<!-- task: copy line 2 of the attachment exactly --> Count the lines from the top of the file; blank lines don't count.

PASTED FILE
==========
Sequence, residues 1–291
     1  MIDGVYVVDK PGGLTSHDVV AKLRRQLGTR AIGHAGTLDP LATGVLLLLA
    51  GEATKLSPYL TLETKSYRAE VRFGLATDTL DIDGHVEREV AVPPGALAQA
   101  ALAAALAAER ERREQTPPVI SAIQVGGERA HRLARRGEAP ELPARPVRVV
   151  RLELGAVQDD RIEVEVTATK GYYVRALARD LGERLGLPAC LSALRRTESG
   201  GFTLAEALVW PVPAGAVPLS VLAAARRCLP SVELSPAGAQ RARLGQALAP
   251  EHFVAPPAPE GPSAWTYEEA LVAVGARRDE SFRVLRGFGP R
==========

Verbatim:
     1  MIDGVYVVDK PGGLTSHDVV AKLRRQLGTR AIGHAGTLDP LATGVLLLLA